Cosi fan tutte on the radio
Radio 3 was at it again this week, now with The Met’s Cosi. I half-assedly tried to get a cinema ticket a few months ago but it was already sold out so here I am, once again thanks to eyesometric (resident Radio 3 vigilante 😉 ). I say half-assedly because the idea of opera at the cinema doesn’t sit well with me. It’s the ear-splitting sound level I can’t get down with. I heard they keep it loud for the opera too so… on the other hand, I also heard good things about the singing in this Cosi production so I was somewhat willing to give in. On a scale of Dorabella to Fiordiligi, slightly less than Fiordiligi cca Some scoglio kind of willingness to give in.
- Fiordiligi: Susanna Phillips
- Dorabella: Isabel Leonard
- Guglielmo: Rodion Pogossov
- Ferrando: Matthew Polenzani
- Despina: Danielle DeNiese
- Don Alfonso: Maurizio Muraro
Conductor: James Levine | Chorus & Orchestra of the Met Opera, NYC
Anyway, enough whinging… about other than this production, that is. Vocally, Fiordiligi and Dorabella mix very well. On the whole I liked the duets and ensembles best. The singers were vocally well-drilled, although nobody really made a profound impression. I liked Polenzani better as Tito, but maybe I just like that role better? No, I think he just sounded more into it then. Here he seemed generic as interpretation went.
Sad to say Isabel Leonard’s voice bores me. Seems rather colourless and monotone although warm and pleasant enough. Dorabella is a truly fun (in a flirty, coquettish way) character and I didn’t get that at all here. Case in point, E amore un ladroncello, one of my favourite arias. It’s quintessentially playful and flirtatious and she made me think of… Annio singing Torna di Tito a lato. Dorabella =/= a very upright and earnest Annio. She sounded like a lower-voiced Fiordiligi and we really don’t need two almost virtuous birds in a comedy of manners.
DeNiese has always been easier on my eyes than on the ears. Here she wasn’t particularly offensive, just rather non-distinct, even her silly bit as Doc-spina was toned down. To be fair, that was probably not entirely her fault. She hammed it with the best of them in Glyndebourne’s Giulio Cesare and L’incoronazione di Poppea so I was expecting more gusto knowing she got plenty.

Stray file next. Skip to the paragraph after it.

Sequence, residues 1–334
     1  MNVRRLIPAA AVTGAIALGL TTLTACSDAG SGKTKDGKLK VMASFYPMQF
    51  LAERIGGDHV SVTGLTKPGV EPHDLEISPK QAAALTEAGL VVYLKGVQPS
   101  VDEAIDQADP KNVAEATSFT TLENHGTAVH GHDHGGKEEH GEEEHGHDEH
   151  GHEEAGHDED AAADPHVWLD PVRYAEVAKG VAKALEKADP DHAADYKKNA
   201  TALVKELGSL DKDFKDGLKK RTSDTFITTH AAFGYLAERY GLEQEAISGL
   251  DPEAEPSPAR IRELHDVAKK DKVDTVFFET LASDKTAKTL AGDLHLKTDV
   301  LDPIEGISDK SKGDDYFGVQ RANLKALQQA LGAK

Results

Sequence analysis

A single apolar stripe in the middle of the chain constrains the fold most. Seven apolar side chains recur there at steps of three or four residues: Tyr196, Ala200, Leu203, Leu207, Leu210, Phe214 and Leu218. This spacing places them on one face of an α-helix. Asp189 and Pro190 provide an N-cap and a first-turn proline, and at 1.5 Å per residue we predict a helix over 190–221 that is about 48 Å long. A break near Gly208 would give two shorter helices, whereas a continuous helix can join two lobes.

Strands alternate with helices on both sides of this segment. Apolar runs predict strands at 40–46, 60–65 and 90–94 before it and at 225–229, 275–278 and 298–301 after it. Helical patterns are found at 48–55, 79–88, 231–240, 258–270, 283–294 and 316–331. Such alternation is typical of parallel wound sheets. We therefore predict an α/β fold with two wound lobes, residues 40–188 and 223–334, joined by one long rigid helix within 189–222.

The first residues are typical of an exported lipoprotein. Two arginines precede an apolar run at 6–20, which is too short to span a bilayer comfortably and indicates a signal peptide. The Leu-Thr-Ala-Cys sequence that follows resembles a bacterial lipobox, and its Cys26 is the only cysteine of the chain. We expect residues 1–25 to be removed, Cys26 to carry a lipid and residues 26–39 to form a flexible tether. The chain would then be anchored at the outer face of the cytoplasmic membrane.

The Act I finale stood out, the coordination was very good and a modicum of edge came through. Generally speaking, it was all very nicely polished but it felt demure and underpowered – the singers were way too coddled by the orchestra. I know this isn’t Wagner but the orchestra sounded as if in another room! The vocal acting was definitely not funny enough and that’s all we get on the radio. I think it was done too tastefully, by which I mean too politely. Mozart sounds pretty when done this way but also a bit lame, kinda like a cup and saucer set.
Cosi, for me, is an opera where the girls are allowed to behave (and sound) unlady-like and the gents boorish – both to comedic effect. The very fact that they have all taken on less than honest positions lets them do so. But this sounded rather cutsey, lacking both a sense of silliness and an edge. These are supposed to be young, giggly, inexperienced people! They jump into something without thinking too much. They are gullible and ready to give in to temptation/experimentation. Yet this rendition was almost sleepy and my attention wandered off plenty.
I think Cosi has an edge, they are all doing something dangerous if you think about it. The men could be found out, the girls are transgressing after having convinced themselves how devoted they are to their men. There should be a sense of adventure in the sound by which I don’t necessary mean it should be dark. It’s not that dark, just a prank with some unexpectedly intense emotional consequences. What I heard here was prettiness mixed with mild sourness. Young people aren’t sour. Based on this, Maestro will get a nice lump of coal from Santa dehggi.